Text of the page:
- Georg Anders (Germany)
- Mait Arvisto deceased (Estonia)
- Gyongyi Földesi (Hungary)
- Jerzy Kosiewicz (Poland)
- Zbigniew Krawczyk (Poland)
- Michal Lenartowicz (Poland)
- Joachim Mrazek (Germany)
- Otmar Weiss (Austria)
The European Association for Sociology of Sport (eass) was founded on November 16, 2001 in Vienna. During its first years (2001-2006), Otmar Weiss served as President and Georg Anders as Secretary General. In 2004 the European Journal for Sport and Society (ejss) was established and has since been edited on behalf of the eass. The first Editor-in-Chief, Dieter H. Jütting (2004-2009), was followed by Bernd Schulze (2009-2011), Siegfried Nagel (2011-2014), Ansgar Thiel (2014-2018), and Adam B. Evans (2018-). At the General Assemblies, which take place every two years, the following eass Presidents were elected in accordance with the Articles of Association: Otmar Weiss (2006-2008), Georg Anders (2008-2010), Nicola Porro (2010-2012), Hannu Itkonen (2012-2014), Jeroen Scheerder (2014-2016), Siegfried Nagel (2016-2018), and Remco Hoekman (2018-). The following members were elected as Secretaries General: Joachim Mrazek (2006-2008), Andrzej Pawlucki (2008-2012), Kim Wickman (2012-2016), and Hanna Vehmas (2016-).
The idea for founding the eass originated from two key factors. Firstly, up to that time there had been no organization representing experts in the area of sport and social sciences on the European scene. Secondly, the accession of ten new member states to the European Union in 2004, most of them Eastern European countries, posed a number of challenges not only for politics and the economy, but also for sport and social sciences. This process of enlargement concerned not only the Eastern European countries, but all of Europe. In an ethnically diverse population, sport can facilitate cultural dialogue. Hence, the exploration of sport’s sociocultural, sociopolitical and socioeconomic functions has become a task of increasing importance for the sociology of sport.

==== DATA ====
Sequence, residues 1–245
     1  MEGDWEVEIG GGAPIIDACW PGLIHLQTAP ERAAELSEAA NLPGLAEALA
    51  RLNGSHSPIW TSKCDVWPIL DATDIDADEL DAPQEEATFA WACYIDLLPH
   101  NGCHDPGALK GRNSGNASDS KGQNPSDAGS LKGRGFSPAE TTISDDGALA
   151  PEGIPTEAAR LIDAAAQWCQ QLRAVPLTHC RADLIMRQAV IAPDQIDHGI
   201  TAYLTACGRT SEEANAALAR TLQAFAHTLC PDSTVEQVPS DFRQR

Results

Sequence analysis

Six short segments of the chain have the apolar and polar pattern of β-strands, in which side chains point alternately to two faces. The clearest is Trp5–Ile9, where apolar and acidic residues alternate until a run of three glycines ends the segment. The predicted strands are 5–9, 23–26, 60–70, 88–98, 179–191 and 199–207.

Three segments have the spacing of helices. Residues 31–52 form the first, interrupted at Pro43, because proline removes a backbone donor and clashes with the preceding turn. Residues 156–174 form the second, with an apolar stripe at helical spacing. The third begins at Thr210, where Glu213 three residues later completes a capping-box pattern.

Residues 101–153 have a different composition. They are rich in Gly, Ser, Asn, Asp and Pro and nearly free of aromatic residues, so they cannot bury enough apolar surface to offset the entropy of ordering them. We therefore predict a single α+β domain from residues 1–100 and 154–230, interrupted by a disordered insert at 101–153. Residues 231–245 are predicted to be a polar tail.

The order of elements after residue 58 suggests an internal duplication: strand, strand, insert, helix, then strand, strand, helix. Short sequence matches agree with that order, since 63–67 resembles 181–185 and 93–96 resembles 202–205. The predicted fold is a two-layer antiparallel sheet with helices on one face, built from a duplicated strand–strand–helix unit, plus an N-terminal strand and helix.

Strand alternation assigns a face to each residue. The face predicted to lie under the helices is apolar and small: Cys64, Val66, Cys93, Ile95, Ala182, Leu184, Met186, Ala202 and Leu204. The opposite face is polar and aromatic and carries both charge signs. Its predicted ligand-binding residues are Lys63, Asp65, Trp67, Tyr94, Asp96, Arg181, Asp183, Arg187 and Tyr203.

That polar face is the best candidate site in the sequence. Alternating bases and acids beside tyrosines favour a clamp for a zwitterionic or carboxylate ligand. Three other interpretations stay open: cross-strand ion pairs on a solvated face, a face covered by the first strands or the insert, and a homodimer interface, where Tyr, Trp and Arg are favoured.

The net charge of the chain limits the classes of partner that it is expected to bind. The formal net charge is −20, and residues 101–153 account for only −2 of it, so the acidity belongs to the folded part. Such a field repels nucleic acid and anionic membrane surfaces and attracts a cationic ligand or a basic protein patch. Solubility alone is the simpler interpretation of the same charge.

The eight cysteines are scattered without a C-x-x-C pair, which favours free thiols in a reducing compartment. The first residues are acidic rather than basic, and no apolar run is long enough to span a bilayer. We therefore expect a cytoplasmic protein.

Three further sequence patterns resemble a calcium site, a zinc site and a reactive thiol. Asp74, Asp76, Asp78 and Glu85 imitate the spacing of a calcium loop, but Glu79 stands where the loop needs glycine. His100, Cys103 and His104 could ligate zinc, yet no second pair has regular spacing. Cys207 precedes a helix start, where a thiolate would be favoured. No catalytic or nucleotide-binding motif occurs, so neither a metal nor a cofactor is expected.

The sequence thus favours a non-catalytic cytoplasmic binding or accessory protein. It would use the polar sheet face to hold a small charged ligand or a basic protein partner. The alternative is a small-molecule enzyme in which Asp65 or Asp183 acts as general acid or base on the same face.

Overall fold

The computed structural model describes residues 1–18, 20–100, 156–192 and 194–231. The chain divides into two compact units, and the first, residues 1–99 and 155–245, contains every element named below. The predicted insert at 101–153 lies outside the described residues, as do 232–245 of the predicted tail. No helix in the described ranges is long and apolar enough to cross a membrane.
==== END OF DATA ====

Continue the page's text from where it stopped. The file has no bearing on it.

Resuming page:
In this context, new perspectives for scientific orientation and research activities (e.g., cross-cultural studies) have evolved on the European scene. It is essential for the sociology of sport to investigate the development and differentiation of sport over time and across different societies. The eass conferences, which are held annually, help shape the discipline, and the scientists involved contribute to building international networks and relationships in the forefront of the field. This facilitates both the circulation of knowledge, as well as international research collaboration. Such bridges are vital for sparking new initiatives and for creating a larger scientific community.
According to its Articles of Association the eass is a non-profit organization with the purpose of promoting social sciences and social research in sport at the European level and to offer scientific advice to European institutions such as the EU and the Council of Europe.